Today in Movie History: September 25

Like a surprising number of classics, The Princess Bride didn’t do particularly well when first released in theaters. Audiences weren’t sure what to expect from the combination of gentle satire and straight-faced romance, and largely stayed away… only to discover it on video like so many other films of the era. Today, of course, it’s an indispensable part of the canon: one of those compulsively quotable joys that just gets better every time you see it.  It opened today in 1987.

Jostling with The Princess Bride for the pole position today is The Hustler, Robert Rossen’s ode to low-down pool sharking and the men who live and die for it. Paul Newman was already a star when he appeared as “Fast Eddie” Felson, and the role earned him his second Oscar nomination. (He finally won a quarter century later, playing the same character in The Color of Money.) The film opened today in 1961.

Chariots of Fire is one of those head-scratching Best Picture winners that never quite lived up to its hype, and today is known more for its stirring Vangelis score than for the drama itself. But separated from its Oscar triumph and without the pressure of noting the various better films it beat, it’s actually a solid little period drama, depicting the religious convictions of two British runners in the 1924 Olympics, and the ways they weighed their faith against the challenges of running for their country. it opened today in 1981.

Director Michael Mann remains a singular voice in the canon, and while his films have had their ups and downs, the best of them can stand with anything ever put on film. That includes The Last of the Mohicans, a lush and irresistible adaptation of one of the stuffier novels in American literature. Daniel Day-Lewis and Madeline Stowe make a stirring pair of romantic leads, but it’s Cherokee actor Wes Studi who steals the show as their hate-filled nemesis. Add gorgeous cinematography from Dante Spinotti and a stunning soundtrack from Trevor Jones and Randy Edelman, and the film itself becomes an evergreen. It opened today in 1992.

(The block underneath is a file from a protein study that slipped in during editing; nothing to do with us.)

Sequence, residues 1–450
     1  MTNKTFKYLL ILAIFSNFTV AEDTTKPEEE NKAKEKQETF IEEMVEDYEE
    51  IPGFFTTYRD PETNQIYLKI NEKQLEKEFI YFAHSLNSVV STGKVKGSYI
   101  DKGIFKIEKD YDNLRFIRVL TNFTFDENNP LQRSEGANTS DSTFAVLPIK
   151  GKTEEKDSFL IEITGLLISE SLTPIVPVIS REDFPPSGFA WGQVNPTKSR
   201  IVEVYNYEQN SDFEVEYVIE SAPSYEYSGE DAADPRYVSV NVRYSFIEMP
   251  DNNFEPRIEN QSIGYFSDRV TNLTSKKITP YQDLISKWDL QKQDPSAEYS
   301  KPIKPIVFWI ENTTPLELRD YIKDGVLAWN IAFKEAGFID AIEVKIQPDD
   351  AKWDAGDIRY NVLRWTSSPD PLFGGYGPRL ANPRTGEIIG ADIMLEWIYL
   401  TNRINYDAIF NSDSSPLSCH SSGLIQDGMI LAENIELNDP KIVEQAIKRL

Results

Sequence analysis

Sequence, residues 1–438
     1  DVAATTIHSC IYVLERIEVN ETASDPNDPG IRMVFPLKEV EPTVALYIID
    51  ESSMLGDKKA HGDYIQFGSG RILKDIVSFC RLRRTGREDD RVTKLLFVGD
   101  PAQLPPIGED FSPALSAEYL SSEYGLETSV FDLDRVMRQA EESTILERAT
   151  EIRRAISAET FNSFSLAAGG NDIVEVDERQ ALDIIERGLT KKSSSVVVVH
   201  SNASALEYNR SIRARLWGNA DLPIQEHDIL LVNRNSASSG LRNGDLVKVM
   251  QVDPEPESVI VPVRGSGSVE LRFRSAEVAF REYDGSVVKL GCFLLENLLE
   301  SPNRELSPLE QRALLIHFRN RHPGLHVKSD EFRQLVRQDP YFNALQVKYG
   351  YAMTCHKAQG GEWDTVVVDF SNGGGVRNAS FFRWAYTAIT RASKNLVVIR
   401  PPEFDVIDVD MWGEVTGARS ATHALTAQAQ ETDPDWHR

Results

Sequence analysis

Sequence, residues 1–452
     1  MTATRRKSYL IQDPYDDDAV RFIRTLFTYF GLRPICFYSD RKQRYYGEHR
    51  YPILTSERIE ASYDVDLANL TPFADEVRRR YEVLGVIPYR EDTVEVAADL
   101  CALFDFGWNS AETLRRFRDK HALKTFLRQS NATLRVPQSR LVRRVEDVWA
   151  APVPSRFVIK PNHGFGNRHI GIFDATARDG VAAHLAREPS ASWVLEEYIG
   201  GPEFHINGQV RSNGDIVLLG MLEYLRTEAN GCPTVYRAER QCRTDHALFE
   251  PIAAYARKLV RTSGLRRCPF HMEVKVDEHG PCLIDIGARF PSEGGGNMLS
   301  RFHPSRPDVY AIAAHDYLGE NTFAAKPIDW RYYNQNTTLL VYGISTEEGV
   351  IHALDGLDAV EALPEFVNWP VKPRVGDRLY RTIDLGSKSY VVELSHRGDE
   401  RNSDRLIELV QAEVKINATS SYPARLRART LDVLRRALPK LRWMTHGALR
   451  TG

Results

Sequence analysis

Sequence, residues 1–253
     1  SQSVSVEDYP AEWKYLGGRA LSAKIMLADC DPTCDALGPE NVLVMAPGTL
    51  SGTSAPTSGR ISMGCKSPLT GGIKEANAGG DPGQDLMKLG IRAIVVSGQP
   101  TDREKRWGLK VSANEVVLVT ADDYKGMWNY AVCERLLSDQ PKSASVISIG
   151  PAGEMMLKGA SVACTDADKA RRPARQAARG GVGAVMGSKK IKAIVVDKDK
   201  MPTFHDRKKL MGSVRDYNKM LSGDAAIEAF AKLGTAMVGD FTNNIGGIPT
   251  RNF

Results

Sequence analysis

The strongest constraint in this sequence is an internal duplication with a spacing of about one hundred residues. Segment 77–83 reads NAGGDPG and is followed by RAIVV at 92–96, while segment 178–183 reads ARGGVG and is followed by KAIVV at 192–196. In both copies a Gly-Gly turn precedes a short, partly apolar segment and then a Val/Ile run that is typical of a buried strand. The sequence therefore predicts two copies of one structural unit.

We’ll close with Paranormal Activity, a throwaway horror quickie based on pure stimulus response that morphed into a monster hit. The series it spawned was no one’s idea of horror immortality, but they worked as cinematic haunted houses, and the original retains a reliably spooky atmosphere thanks to solid direction from Oren Peli. It opened today in 2009.

 

Today in Movie History: August 15

Disaster or masterpiece? That distinction can hinge on the razor’s edge sometimes, especially when an ambitious, talented and possibly crazy filmmaker is involved. Case in point: Apocalypse Now, Francis Ford Coppola’s effort to encapsulate the war in Vietnam as seen through a variation of Joseph Conrad’s Heart of Darkness. The shoot was infamous for its delays, debacles and outright danger, including a heart attack from star Martin Sheen, a hurricane that destroyed the set and Marlon Brando in full-bore Marlon Brando mode. Despite that, and despite a shoot that apparently brought Coppola himself to the brink of madness, the film remains one of the definitive statements on Vietnam and the insanity of war in general. It opened today in 1979.

If you asked me which David Cronenberg film I would hold above all others, I’d probably end up choosing his most commercial: The Fly, a reimagined version of the 1950s classic (itself based on a chilling short story by George Langelaan). It focuses on Cronenberg’s obsessive infusion on flesh and technology, wrapped in — of all things — a surprisingly good romantic comedy that absolutely disarms us just in time for the horror show to begin. The Fly opened today in 1986 and hasn’t lost a single ounce of its power.

While Silence of the Lambs made Hannibal Lecter a household name, he actually first appeared five years earlier in Michael Mann’s superb thriller Manhunter. Drenched in the director’s Miami Vice style, it nonetheless found the same intense connections between hunter and prey that Silence did, and Bryan Cox’s turn as Lecter, while distinct from Anthony Hopkins (to whom the character will always belong), is enough to cause some sleepless nights. Manhunter opened today in 1986.

Finally, there’s Event Horizon. Okay, yeah, forget I mentioned it. Except… Event Horizon… the most awesomely awful movie ever! It opened today in 1997, making it the second-best Laurence Fishburne movie to be released today.

 

 

Today in Movie History: August 6

Today marked a trio of notable films — well, okay, two notable films and one amusing outlier — all released the same year. The one everyone was talking about at the time was The Sixth Sense, M. Night Shyamalan’s calling card about a terrified little boy (Haley Joel Osmond) who can see ghosts and a troubled therapist (Bruce Willis) who resolves to help him. Shyalaman’s subsequent descent into self-indulgence tarnished its standing, but its twist remains the stuff of cinematic legend, and while its artistry is more technical than dramatic, it still contains moments that can devastate you. the Sixth Sense opened today in 1999.